Designed by noted architect Stephen Decatur Hatch, the classic loft building at 165 Duane Street, now a boutique co-op residence, was built in 1882 as coconut processing and packaging factory. This Tribeca loft retains the foundation of its industrial past with exposed wooden beams and columns and 14 windows, yet this three-bedroom home set high above Duane Park has the polished appearance of a classic Manhattan co-op. Asking $3.195 million, the loft has been fully renovated, adding modern convenience and considered design choices in fixtures and finishes.
$7.995 million might seem steep for this grand 3,600-square-foot cast iron loft at 148 Greene Street, but the Soho co-op property comes with some great perks in addition to keyed elevator access, 13-foot ceilings, and 12 massive windows. First, the space contains two units, giving you the flexibility to use it for live/work purposes or reconfigure it for one sprawling full-floor home. More benefits: There are no tax or maintenance fees. Also, owners in the building benefit from proceeds of the commercial lease space on the ground floor.
This classic corner loft co-op at 270 Water Street in a Seaport district that’s changing more every day has old-school Manhattan charm, up-to-the-minute renovated interiors and plenty of space and light. It’s a three-flight walkup, but the sunlight and City Hall views mean that can be as much a positive as a workout. It’s asking $1.485 million.
A rare find, this quintessential Soho artist’s loft in original condition has hit the market for the first time in 40 years, seeking $4,250,000. Located at 133 Wooster Street in the heart of Soho’s Cast-Iron Historic District, the sprawling 3,300-square-foot space has no shortage of pre-war details. The sunny corner unit boasts 17 oversized windows with southern and eastern exposures, 10-foot tin ceilings, and original cast-iron columns. Currently the home and studio of a painter, the space is configured with two bedrooms and one-and-a-half baths, but the open, angular layout offers a lot of flexibility for future owners.
For under $1 million, you can own this uber-trendy South Williamsburg loft at 138 Broadway, the historic Smith-Gray Building. Though the loft is technically a studio, it has a separate kitchen and plenty of room in its 925-square-foot layout for individual sleeping, living, and dining areas. But what makes this unit even more desirable is its impeccable contemporary-western vibes–a mix of historic elements such as whitewashed brick walls and wooden ceilings with modern nods to the style like lots of caramel leather furniture and bold, geometric textiles.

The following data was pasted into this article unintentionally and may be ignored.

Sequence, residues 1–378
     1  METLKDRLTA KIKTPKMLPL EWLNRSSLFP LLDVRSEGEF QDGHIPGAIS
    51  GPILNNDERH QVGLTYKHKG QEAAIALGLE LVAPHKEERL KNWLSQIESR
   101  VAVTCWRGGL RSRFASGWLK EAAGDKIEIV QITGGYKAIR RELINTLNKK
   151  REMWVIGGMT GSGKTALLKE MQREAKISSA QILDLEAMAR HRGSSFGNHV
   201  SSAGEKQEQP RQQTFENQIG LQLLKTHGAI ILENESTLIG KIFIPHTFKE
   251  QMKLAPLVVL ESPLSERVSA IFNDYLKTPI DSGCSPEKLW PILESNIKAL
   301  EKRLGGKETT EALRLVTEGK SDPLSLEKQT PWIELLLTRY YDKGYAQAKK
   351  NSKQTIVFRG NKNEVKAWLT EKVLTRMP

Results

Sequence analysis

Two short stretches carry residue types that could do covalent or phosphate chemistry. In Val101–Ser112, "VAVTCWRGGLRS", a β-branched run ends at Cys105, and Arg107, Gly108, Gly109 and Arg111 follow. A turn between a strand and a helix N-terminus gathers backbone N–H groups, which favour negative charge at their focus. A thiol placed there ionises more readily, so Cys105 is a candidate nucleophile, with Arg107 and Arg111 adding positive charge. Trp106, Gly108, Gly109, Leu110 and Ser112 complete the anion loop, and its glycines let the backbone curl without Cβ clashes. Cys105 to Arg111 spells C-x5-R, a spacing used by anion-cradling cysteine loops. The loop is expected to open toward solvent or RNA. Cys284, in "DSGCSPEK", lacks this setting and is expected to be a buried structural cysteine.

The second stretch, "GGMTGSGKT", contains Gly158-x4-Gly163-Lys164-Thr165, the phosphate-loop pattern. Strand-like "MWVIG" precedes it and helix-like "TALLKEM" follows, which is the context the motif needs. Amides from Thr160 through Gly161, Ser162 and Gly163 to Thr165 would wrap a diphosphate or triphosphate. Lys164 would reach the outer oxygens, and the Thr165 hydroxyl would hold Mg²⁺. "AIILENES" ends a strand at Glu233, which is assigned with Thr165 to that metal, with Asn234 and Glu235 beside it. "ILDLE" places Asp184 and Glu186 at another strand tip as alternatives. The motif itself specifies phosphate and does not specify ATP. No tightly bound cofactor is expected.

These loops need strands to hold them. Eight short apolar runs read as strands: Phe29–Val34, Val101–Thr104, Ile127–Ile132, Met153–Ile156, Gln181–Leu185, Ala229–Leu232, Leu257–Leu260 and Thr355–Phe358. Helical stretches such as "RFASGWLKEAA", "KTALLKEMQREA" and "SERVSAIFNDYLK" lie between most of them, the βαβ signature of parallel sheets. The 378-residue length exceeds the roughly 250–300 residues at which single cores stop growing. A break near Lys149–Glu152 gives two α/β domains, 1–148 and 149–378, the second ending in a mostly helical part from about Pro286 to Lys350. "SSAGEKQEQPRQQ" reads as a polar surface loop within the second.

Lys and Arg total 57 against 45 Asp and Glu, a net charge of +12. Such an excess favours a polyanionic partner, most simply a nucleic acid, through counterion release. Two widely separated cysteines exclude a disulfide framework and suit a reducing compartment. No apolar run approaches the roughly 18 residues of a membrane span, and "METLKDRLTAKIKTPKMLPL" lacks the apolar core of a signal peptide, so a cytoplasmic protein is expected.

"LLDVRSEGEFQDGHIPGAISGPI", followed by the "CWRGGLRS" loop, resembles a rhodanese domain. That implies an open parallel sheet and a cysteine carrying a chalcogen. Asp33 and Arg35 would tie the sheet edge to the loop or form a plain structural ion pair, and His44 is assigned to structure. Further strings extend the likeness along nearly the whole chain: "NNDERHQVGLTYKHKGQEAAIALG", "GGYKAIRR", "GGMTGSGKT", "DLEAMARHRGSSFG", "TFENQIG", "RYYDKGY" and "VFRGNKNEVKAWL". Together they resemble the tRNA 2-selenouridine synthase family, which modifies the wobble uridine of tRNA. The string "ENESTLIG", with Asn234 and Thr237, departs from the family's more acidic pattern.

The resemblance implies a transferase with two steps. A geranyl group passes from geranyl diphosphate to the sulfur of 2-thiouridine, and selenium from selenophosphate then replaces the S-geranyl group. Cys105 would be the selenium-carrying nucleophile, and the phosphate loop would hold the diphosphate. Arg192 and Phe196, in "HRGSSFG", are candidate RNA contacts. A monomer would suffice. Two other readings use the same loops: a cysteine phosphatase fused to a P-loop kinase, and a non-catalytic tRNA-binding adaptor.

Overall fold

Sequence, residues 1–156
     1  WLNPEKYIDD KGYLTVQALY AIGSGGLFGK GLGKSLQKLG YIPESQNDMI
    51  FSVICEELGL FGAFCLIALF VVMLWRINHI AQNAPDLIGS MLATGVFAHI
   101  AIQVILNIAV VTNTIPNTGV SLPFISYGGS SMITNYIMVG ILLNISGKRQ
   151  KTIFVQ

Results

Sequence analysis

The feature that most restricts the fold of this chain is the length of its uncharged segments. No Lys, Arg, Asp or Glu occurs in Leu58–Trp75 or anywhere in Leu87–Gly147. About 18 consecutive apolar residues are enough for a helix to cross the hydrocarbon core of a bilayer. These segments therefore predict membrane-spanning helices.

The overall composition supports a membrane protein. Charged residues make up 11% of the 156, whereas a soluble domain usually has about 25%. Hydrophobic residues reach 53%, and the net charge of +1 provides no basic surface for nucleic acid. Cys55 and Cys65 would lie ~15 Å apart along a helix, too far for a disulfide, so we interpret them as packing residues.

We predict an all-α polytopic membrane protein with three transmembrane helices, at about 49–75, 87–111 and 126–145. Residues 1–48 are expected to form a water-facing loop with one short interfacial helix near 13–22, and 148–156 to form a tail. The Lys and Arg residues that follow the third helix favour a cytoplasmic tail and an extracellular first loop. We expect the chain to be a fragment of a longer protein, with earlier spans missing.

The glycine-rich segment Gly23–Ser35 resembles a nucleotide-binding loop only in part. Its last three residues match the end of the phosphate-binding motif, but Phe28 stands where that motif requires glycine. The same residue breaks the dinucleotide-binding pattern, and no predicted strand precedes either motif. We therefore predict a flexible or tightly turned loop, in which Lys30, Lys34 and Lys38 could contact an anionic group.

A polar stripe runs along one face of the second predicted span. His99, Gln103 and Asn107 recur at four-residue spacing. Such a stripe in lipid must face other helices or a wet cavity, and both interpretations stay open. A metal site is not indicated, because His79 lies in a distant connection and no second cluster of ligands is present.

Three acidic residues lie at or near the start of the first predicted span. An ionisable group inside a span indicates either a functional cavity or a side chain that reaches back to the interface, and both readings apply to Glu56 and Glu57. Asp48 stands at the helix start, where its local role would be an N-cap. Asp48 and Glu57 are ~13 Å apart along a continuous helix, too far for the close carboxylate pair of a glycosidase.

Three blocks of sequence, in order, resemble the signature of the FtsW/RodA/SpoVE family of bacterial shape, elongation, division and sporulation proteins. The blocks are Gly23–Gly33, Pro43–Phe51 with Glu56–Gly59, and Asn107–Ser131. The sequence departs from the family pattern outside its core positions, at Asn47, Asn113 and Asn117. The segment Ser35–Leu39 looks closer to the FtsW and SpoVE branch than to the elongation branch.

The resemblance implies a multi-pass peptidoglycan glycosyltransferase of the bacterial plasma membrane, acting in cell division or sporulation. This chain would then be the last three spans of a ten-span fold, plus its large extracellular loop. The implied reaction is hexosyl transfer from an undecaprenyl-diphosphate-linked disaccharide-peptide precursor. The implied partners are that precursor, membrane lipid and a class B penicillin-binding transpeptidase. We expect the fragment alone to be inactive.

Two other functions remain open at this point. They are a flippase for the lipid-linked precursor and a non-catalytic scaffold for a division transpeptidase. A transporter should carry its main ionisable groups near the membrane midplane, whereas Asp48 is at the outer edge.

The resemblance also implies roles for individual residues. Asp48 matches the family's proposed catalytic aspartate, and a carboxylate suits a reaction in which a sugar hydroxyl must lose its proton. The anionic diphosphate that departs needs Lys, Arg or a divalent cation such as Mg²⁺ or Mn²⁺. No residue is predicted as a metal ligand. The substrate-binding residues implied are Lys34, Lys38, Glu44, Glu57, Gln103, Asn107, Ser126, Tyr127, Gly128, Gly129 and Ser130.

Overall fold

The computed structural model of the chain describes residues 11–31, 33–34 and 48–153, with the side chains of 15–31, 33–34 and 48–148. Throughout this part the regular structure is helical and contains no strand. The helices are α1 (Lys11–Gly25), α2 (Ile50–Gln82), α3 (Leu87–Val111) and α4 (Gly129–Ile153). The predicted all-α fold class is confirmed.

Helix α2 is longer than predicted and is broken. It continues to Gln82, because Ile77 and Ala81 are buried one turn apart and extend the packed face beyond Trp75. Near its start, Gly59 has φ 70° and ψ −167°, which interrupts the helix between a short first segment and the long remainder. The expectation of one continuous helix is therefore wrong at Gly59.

Via Wiki Commons
When most of us think of “lofts” in relation to Upper West Side apartments, our first thought is probably the commonplace storage or sleeping loft found in converted brownstones and townhouses. While we tend to associate actual loft apartments with downtown neighborhoods like Tribeca and Soho, there are a handful of Upper West Side condos and co-ops where you can find the same soaring ceilings and open floor plans. Ahead, we’ve rounded up the five loftiest options you’ll find north of Columbus Circle.
With exposed brick throughout, original weathered warehouse floors, soaring ceilings, and skylights, this Tribeca duplex is a classic downtown loft. The 3,636 square-foot condo at 37 Walker Street — currently on the market for $2,350,000 — has three bedrooms, 1.5 baths, and a private roof terrace. With a flexible open plan, it could easily be reconfigured or renovated, though lovers of the shabby-chic aesthetic will embrace the unit’s charming peeling walls and original details.
For $8,000 a month, this loft-like Nolita two-bedroom offers a chic and sunny ambiance with glazed brick tiled floors, exposed wooden beams and brick walls in every room, and eclectic decor that is definitely the definition of downtown cool. With a roomy living area, large master bedroom, two full bathrooms, and all the amenities you want, this unit at 262 Mott Street is a dream.
Located in what was once a cheese warehouse at 14 Harrison Street in Tribeca, this 4,500-square-foot loft has been the home of American playwright Edward Albee since 1977. According to Mansion Global, Albee held his famed annual Christmas party here, with luminaries like Lauren Bacall and Kathleen Turner in attendance. The duplex co-op spanning the building’s fifth and sixth floors is a fascinating home even without the literary connection; the classic loft, with an elevator that opens on each floor, is currently for sale asking $8.995 million.
6sqft’s series “My sqft” checks out the homes of New Yorkers across all the boroughs. Our latest interior adventure brings us to graphic designer Ksenya Samarskaya’s industrial-chic Williamsburg loft. Want to see your home featured here? Get in touch!
Ten years ago when graphic designer and typographer Ksenya Samarskaya moved into Williamsburg’s famous artist loft 475 Kent, the building and neighborhood were much different. Her view of the Williamsburg Bridge remains, but it’s now obscured by the slew of glassy towers rising along the waterfront, a literal representation of how the area has lost some of its creativity to corporate entities. And though the building has seen its share of controversy, Ksenya’s loft feels like stepping back to Brooklyn’s Millenium-era artist boom.
In true artist loft fashion, the space was completely raw when Ksenya moved in. With a little help from her friends and neighbors, she achieved the perfect balance of industrial charm and chic, minimalism. From staining the concrete ceiling and retaining the original floor and wooden beams to having custom multi-use furniture pieces designed, Ksenya created her own little oasis.